The apprenticeship levy is a “project timeline in trouble” the Confederation of British Industry has said, as the industry body reiterates its call for the levy to be delayed.
In an exclusive article for FE Week, Neil Carberry, the CBI’s director for employment and skills, said the only way to create a system that delivers “three million opportunities – not just three million starts” was by delaying its introduction.
Mr Carberry said: “Enough people within government know what a project timeline in trouble looks like – and the levy system is one of those.
“On the digital service, cross-border issues with Wales, Scotland and Northern Ireland and many more concerns.
“In truth, it is highly unlikely that the structures and rules necessary to make the system work on day one can be delivered effectively on the current timelines,” he said.
His remarks come after the Department for Education published its hotly-anticipated apprenticeship levy update, first reported by FE Week this morning, which included details of the funding arrangements for small employers, as well as a consultation for the new register of apprenticeship training providers.
While this new information was “something to welcome” Mr Carberry said “you don’t have to go far into the document to realise businesses will still be concerned at the direction of travel”.
A levy system that helps fill skills gaps and improve outcomes for learners should put “quality and system design first, not fiscal and political targets”, he said.
He added: “Our view is that levy design is coming to these vital economic and social goals too late – the system we have is designed to work for Whitehall – but won’t work in Walsall.”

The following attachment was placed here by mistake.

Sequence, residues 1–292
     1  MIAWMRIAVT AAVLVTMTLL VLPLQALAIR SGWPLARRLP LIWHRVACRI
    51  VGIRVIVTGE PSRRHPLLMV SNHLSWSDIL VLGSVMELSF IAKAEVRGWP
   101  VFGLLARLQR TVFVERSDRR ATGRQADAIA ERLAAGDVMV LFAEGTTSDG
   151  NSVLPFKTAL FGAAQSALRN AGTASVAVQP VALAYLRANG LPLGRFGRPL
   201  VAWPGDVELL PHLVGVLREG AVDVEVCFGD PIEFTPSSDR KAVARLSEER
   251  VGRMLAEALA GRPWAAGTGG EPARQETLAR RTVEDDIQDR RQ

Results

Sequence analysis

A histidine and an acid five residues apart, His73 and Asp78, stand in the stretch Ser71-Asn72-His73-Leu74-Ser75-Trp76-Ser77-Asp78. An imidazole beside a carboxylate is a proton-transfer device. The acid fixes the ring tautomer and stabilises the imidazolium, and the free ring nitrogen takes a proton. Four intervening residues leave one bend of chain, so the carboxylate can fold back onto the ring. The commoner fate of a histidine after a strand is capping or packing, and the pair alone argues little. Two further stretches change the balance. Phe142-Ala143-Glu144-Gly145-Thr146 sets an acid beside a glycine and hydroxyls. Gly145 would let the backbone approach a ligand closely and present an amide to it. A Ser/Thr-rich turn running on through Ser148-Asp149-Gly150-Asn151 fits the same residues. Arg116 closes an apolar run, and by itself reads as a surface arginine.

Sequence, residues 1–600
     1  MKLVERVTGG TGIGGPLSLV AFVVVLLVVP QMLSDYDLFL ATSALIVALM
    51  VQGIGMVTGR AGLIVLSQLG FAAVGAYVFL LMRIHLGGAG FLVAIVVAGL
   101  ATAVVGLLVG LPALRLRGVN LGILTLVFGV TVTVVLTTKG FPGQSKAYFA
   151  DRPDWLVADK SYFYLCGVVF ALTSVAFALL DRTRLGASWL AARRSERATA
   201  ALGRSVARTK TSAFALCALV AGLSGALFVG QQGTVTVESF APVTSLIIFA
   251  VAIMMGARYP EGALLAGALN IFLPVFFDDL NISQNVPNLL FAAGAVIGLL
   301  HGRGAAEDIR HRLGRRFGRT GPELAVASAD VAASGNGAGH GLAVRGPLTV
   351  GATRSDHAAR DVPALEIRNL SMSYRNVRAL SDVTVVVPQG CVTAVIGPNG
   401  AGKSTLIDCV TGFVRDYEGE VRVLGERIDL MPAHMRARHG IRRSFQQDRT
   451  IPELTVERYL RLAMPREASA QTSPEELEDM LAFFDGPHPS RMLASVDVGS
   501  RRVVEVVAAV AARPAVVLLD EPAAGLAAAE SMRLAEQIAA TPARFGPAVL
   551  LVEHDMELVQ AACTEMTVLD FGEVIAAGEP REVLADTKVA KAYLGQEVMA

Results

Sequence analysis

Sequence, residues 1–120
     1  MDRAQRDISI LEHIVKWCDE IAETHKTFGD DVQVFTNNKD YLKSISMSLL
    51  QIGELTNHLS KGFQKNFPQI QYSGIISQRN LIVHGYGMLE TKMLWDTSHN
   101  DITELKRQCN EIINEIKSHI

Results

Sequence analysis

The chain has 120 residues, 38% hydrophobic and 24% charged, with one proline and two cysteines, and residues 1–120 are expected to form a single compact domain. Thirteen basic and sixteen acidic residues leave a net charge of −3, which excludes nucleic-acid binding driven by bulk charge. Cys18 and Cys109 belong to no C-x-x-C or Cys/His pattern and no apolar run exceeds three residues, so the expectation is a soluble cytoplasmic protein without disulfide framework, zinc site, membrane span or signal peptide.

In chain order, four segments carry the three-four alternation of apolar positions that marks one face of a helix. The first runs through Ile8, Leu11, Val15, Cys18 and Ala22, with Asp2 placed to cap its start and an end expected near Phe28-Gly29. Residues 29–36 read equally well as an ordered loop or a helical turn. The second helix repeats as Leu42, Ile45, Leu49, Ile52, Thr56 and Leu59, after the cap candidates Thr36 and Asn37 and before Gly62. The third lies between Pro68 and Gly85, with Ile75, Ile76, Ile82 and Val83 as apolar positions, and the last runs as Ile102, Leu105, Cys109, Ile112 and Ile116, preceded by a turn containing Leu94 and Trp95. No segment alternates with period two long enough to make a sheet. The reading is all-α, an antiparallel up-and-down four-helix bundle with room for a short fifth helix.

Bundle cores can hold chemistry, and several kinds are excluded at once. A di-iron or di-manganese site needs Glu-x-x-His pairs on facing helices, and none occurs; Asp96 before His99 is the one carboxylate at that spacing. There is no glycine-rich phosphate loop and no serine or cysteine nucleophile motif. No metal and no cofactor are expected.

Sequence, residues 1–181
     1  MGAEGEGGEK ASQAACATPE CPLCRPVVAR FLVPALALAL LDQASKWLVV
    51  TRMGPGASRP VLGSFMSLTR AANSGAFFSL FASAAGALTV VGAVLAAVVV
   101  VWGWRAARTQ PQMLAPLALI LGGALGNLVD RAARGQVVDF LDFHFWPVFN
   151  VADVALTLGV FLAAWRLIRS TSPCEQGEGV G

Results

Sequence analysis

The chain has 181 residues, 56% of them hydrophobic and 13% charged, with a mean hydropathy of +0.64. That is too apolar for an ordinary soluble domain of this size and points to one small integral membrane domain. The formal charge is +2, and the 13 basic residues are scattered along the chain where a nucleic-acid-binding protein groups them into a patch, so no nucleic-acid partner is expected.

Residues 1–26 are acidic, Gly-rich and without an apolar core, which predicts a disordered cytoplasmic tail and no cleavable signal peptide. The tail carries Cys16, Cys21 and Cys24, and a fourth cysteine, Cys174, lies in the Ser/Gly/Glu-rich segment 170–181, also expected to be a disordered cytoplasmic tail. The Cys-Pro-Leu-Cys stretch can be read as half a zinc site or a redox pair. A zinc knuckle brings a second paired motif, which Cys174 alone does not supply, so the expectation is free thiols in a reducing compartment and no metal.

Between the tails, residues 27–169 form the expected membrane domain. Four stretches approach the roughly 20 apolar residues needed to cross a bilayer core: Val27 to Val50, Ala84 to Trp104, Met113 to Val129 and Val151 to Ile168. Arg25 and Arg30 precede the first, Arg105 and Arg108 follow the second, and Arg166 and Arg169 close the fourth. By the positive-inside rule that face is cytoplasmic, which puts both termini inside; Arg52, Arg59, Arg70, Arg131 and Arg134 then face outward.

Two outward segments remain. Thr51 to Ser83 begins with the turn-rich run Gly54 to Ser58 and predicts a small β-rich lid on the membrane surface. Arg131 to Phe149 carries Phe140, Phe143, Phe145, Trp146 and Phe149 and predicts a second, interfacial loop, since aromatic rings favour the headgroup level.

Mr Carberry said the CBI was concerned over the lack of flexibility in the system.
He said: “We need a system – like so many other levies around the world – that is flexible enough to fund what firms and learners need and make those who don’t train pay the costs of those that do.”
He also voiced fears over the lack of transferability of the new apprenticeship standards in development.
If the courses “have to be high quality and add to people’s employability”, he asked, “why are we seeing qualifications actively purged from trailblazers?”
“Why will the employer-led Institute for Apprenticeships have no voice over the set-up of the system, only its operation?”
The only way to deliver the “right approach that rewards businesses who do the right thing, high-quality business-led standards, and a system that works on launch day” is by delaying its introduction, he concluded.
Mr Carberry’s remarks build on comments made by CBI director general Carolyn Fairbairn in response to today’s update, which she said “shows some progress”.
But she warned it “risks turning the clock back on recent progress through poor design and rushed timescales”.
“Without a radical rethink it could damage not raise training quality,” she added.